My mother's pocketbook was in the car. In the pocketbook was a license and a ten-dollar bill. Inside the car there was also a NJ Registration 374 MXU license plate, which came back as "nothing in file" from the New Jersey Registry. The little blue Scirocco was taken to the police garage awaiting BCI for fingerprint examination.

Once the police released it, nobody knew what to do with the car. My father and my aunt covered it in a tarp and parked it behind a friend's garage so I wouldn't recognize it.

"I GOT THAT car, you know," Audrey tells me, sweating on the porch behind my grandmother's house. "The Volkswagen—your dad gave it to me. It smelled like almonds. Something to do with the engine or transmission or something." This memory makes her weep but I feel vindicated. I knew I remembered that smell.

In all likelihood it's the heater core that gave it that smell. A leaking heater core that spilled onto the floor of the passenger side where the scent would linger long after the problem itself was actually fixed.

IN THE MARCH 9, 1977, edition of the Providence Journal's Evening Bulletin


  • "Carroll proceeds from these haunting twin plot points [her parents' deaths] through a patchwork of vignettes, reportage and reflection that reaches after her absent parents with sensitive longing.... Carroll's writing is most evocative when she describes, with a heartbreaking mixture of tenderness and disappointment, the moments of intimate connection between her and her father."—New York Times Book Review
  • "Leah Carroll's DOWN CITY drops us into a family story heavy with secrets and crackling with regret. Hers is a portrait of two parents straining desperately to find their better angels, and a daughter whose resilience is tested again and again. The fact that she proves herself both survivor and frank and generous curator of their story is a great gift, both to their memory and to readers alike."—Megan Abbott, bestselling author of The Fever and You Will Know Me
  • "Carroll grasps fleeting moments and memories with confidence and disarming delicacy....So rich in mood, feeling, and genuine love, this investigative memoir is a true tribute."—Booklist (starred review)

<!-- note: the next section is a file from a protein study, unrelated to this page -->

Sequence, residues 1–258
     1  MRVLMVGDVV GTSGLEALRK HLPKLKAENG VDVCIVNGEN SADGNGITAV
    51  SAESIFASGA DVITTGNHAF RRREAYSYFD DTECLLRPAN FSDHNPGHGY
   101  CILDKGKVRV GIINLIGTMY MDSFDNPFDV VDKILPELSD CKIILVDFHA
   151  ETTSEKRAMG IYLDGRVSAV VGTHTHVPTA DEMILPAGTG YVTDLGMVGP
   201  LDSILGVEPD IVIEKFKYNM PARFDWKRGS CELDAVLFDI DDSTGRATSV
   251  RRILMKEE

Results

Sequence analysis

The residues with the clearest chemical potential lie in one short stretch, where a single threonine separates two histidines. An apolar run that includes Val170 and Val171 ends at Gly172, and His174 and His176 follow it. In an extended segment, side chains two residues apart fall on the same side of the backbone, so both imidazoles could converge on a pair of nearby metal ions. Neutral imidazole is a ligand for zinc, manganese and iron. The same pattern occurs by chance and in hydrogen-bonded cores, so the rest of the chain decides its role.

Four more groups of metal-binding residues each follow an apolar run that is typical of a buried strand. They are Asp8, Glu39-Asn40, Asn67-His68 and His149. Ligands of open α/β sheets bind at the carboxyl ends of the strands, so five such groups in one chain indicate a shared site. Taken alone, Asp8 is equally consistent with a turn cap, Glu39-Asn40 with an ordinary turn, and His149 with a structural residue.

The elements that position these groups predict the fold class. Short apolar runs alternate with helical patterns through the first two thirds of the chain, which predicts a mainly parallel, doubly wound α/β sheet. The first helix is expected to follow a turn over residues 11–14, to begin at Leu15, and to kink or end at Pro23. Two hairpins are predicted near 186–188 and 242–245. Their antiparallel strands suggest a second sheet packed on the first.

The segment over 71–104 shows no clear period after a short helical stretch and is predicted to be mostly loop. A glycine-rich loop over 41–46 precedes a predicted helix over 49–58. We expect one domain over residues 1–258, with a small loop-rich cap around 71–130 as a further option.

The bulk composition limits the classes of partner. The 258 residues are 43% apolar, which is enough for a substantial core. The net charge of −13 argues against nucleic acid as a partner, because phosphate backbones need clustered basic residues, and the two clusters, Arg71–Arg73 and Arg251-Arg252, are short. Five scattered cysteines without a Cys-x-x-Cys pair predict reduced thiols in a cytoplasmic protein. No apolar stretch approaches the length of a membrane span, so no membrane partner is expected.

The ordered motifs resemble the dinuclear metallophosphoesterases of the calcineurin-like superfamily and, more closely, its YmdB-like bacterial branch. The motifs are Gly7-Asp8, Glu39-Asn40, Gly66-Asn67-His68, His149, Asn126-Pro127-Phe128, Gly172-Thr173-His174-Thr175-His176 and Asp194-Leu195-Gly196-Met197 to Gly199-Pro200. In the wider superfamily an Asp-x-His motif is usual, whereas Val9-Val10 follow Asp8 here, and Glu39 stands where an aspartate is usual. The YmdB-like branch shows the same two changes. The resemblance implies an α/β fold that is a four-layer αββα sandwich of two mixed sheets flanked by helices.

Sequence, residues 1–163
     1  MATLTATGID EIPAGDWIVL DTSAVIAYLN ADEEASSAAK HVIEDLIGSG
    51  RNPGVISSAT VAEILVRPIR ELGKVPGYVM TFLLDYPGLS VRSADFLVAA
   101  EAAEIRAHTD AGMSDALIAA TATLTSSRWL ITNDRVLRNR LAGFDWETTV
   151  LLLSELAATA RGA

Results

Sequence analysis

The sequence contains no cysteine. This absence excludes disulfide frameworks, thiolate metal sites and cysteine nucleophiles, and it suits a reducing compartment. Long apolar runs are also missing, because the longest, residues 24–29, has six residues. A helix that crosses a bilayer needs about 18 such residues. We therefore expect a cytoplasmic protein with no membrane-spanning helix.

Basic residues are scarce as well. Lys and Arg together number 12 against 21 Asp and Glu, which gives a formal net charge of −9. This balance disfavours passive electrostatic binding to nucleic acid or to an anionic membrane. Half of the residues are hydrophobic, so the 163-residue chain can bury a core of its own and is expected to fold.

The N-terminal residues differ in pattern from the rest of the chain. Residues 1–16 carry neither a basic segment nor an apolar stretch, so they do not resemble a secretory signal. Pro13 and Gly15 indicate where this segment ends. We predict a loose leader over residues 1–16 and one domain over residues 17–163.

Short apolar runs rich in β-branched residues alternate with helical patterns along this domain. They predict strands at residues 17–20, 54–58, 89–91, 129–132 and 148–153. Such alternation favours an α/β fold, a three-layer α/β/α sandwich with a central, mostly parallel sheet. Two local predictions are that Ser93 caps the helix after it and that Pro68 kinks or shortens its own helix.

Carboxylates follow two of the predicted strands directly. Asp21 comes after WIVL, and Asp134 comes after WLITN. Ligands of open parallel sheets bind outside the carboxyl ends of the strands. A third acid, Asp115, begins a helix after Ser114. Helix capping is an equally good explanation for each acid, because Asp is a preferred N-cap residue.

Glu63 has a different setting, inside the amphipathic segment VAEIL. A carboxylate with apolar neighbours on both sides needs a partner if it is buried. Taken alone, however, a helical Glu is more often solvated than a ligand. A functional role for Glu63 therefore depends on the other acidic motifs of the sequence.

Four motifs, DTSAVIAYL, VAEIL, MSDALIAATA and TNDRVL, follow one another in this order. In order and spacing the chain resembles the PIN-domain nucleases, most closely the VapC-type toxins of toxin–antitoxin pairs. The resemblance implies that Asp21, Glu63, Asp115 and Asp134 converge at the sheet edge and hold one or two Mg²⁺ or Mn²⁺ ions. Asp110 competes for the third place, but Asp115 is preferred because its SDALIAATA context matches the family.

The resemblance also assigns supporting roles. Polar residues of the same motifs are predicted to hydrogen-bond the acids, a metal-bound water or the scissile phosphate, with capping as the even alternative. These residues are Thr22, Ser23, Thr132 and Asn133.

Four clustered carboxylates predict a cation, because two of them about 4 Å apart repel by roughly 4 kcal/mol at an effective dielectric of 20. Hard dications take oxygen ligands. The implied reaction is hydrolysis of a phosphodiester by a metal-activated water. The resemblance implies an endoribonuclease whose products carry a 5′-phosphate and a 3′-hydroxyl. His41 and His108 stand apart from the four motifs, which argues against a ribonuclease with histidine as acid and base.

• "Leah Carroll's writing is vivid and honest, and DOWN CITY is a clear-eyed act of regaining a father by artfully cataloging his loss."—Charles Graeber, New York Times bestselling author of The Good Nurse: A True Story of Medicine, Madness, and Murder
  • "Quick and clear as glass, evocative and engaging, DOWN CITY is a story of a daughter's moving search for the truth about the parents whose dark complexities have left a mystery at the center of her existence."—George Hodgman, author of Bettyville
  • "Leah Carroll's Rhode Island is seedy, charismatic, broke-down, and irresistible: so much like the characters in her gripping heartbreak of a memoir. Only a writer as brave in her heart as she is on the page could make us love the ghosts she chases through police reports, memory, and the desolate landmarks of her own tragedy. Leah Carroll is that writer, proving that no matter who haunts you or for how long, only forgiveness can set you free."—Melissa Febos, author of Whip Smart and Abandon Me
  • "Raw and crushing . . . a thoroughly reported, deeply personal memoir."—The Village Voice
  • "Crushing to read and intensely readable."—The Wall Street Journal
  • "Driven by a ferocious demand for justice, Leah Carroll takes us with her as she extricates herself from layer after layer of lies, determined not only to find but to understand the truth about her parents' tragic lives. DOWN CITY is a riveting and heartbreaking inquiry, born of inner necessity, and written in a deceptively simple and deeply affecting prose that elevates its storytelling to art."—Richard Hoffman, author of Half the House and Love & Fury
  • "Carroll's understated prose complements this daunting material, and her struggles as an unhappy, rebellious teen seem almost idyllic in contrast to the dysfunction and tragedy that shadow her... Carroll's determined grappling with the burden of her past is honestly and skillfully done."—Publisher's Weekly (Starred Review)
  • Carroll's quietly powerful story offers a courageous, cleareyed vision of a broken family while exploring the meaning of forgiveness. An honest and probing memoir of coming to terms with family.—Kirkus
  • "Beautiful and rich....It's an emotional, high stakes ride as Leah discovers her mother's love for life, talent for photography, and the drug addiction that ultimately let to her murder. Leah's prose is beautiful, rich and dark. With each turn of the page you find yourself laughing...then feeling truly broken for Leah....Leaves the reader nostalgic and in awe."—Providence Monthly
  • "Tough and dreamy, searching and sad, this debut memoir by a collateral victim of murder delves deep."—Library Journal

On Sale
Mar 6, 2018
Page Count
240 pages

Leah Carroll

About the Author

Leah Carroll lives in Brooklyn, New York. She graduated from Emerson College, and received an MFA in fiction from the University of Florida. She is the recipient of fellowships from the New York Foundation for the Arts and the MacDowell Colony.